Welcome back!
Individual Leadership: Listening is Not a Spectator Sport

Listening isn’t a passive activity. You’ve heard about active listening a gazillion times, but I still see leaders at all levels do a poor job of it.


Here are five things you can do that will reduce misunderstandings, improve clarity, and help you make better decisions. Those are the good things that happen when you listen better.

  • Pay closer attention – are you listening to understand or thinking of your response?
  • Withhold judgment – stop evaluating and focus on comprehending the message.
  • Clarify – engage in the conversation and clear up confusion or reduce misunderstandings.
  • Confirm – make sure you got it right by restating what you heard – we frequently miss things because we filter information.
  • Reflect – acknowledge the perspective or point of view of the other.


You’ll have your chance to share your points of view and disagreements as well. But if you do this first, I promise you’ll be viewed as a more effective leader.

Organizational Leadership: Resisting the Draw to Action

Most leaders I work with have a strong bias to action. It comes from a focus on getting things done and achieving results. But we frequently conflate action with progress and get drawn into the details of activity. However, you don’t just want to do something, you want to do the right things to produce strategic and impactful results.


Leaders are best when they focus on managing results versus managing tasks. You do this with a rigor in defining the work to be done, and precisely outlining the milestones of progress. This is what enables you to get out of the proverbial weeds and guide the execution of your strategy. I call this approach magnets and milestones:

  1. Clarify the objectives or initiatives to complete. This is your magnet drawing everyone unequivocally to the same destination.
  2. Define what success looks like along the way. These are the milestones that tell you you’re on the right track (or off).

Then let your people and their teams do their part.

Leadership in the World: Recruitment

With job openings reaching the highest levels on record in April, recruitment is among the top priorities of employers. Recruiters and HR teams post jobs and reach out to prospective candidates, but it doesn’t always work. And if I’m being honest, it’s a mediocre approach.

HR and recruiters can provide useful support, but If you want to fill openings (and subsequently retain great talent), get leadership involved. Leaders can use their network to spread the word of openings and reach out directly to potential candidates, immediately increasing buy-in. Additionally, it is critical that leadership plays an active role in bringing in top notch talent because the people that make up an organization are what drives success. Bobby Bowden, the legendary football Head Coach at Florida State University, once said, “He who gets the best players usually wins.”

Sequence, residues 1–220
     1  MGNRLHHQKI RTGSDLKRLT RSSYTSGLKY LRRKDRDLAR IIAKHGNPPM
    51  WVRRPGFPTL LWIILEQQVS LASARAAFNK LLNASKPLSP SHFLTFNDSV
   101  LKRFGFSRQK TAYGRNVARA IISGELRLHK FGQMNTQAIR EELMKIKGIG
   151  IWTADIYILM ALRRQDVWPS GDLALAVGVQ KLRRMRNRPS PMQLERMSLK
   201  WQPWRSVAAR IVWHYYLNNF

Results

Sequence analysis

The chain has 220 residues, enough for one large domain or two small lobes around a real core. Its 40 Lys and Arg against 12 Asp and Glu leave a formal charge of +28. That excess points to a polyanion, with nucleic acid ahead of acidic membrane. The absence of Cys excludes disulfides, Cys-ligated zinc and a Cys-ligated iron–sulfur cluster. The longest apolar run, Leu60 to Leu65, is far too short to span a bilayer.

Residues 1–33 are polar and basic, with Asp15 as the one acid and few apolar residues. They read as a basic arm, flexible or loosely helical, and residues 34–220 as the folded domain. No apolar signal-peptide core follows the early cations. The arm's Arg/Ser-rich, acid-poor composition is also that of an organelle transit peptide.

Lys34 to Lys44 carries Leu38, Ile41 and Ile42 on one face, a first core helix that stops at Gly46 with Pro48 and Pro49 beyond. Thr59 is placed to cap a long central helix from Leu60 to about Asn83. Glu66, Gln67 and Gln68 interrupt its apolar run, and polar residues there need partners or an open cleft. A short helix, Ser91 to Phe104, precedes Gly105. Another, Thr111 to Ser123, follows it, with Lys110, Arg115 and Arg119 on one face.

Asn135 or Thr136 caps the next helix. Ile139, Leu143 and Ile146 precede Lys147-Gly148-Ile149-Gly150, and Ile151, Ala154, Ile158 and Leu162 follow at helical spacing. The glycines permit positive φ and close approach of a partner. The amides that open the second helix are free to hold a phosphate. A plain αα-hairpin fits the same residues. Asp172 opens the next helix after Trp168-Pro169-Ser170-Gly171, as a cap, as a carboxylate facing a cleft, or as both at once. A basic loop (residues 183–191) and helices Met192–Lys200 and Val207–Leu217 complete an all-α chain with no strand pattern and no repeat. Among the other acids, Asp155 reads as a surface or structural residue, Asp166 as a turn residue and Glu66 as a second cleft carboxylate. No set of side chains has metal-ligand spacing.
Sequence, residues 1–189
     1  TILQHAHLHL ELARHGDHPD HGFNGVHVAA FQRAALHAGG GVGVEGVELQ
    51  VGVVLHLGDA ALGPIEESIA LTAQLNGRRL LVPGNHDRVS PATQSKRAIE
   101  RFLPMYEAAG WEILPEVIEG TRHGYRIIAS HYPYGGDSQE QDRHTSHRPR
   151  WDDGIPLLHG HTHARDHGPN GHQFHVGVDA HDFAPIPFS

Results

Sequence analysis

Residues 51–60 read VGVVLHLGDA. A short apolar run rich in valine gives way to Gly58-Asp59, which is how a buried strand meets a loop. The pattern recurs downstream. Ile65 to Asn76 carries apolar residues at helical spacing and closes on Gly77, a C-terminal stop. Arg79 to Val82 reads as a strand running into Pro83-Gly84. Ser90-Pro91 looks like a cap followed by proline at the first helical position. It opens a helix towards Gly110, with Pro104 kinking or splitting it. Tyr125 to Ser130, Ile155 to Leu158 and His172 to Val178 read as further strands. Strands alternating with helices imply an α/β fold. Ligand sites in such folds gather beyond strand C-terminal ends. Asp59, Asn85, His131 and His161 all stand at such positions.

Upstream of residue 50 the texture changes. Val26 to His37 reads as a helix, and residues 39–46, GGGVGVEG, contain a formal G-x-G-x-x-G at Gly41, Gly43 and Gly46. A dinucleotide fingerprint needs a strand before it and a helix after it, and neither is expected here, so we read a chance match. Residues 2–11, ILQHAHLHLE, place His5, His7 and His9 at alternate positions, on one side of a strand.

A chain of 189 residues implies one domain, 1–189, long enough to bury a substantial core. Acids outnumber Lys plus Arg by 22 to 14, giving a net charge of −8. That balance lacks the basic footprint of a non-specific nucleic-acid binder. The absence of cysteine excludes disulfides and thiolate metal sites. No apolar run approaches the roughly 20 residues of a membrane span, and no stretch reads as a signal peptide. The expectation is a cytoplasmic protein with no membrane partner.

It’s true. When you have talented people, everything else gets easier. So, carve out the time needed for leaders to be active in recruitment and get the best players for your team.


A friend introduced me to the Japanese term Mingei. It’s a philosophy which recognizes that ordinary objects can have both function and beauty. The idea has its roots in crafts and folk art like cups, bowls, or pots – things that are necessary, but also beautiful. It reminded me of the way Steve Jobs used to talk about the aesthetics of technology.

Without getting too philosophical, I’ve been thinking about how interactions between people, in particular among leaders, could be both functional and beautiful. Whether it be a collaboration, a coaching conversation, a problem solving meeting, even a sales call. All of these could be beautiful.

What elements would have to be present to be both functional and beautiful? I suspect it has something to do with the attitude we bring, the knowledge we possess, and how skillful we are all coming together at once for a burst of excellence or even effectiveness. In the same way an athlete, an artist, or a performer brings their talents for a great performance. Even a beautiful one.

LinkedIn Live: How Leaders Drive Strategy Execution

Join me on Tuesday, June 21 at 10am Eastern as we discuss how leaders drive strategy execution.

LIL for June 2022.png
We’ve updated our Privacy Policy to be in accordance with GDPR guidelines. If you no longer wish to receive our newsletter you can easily unsubscribe using the unsubscribe link below.

Edinger Consulting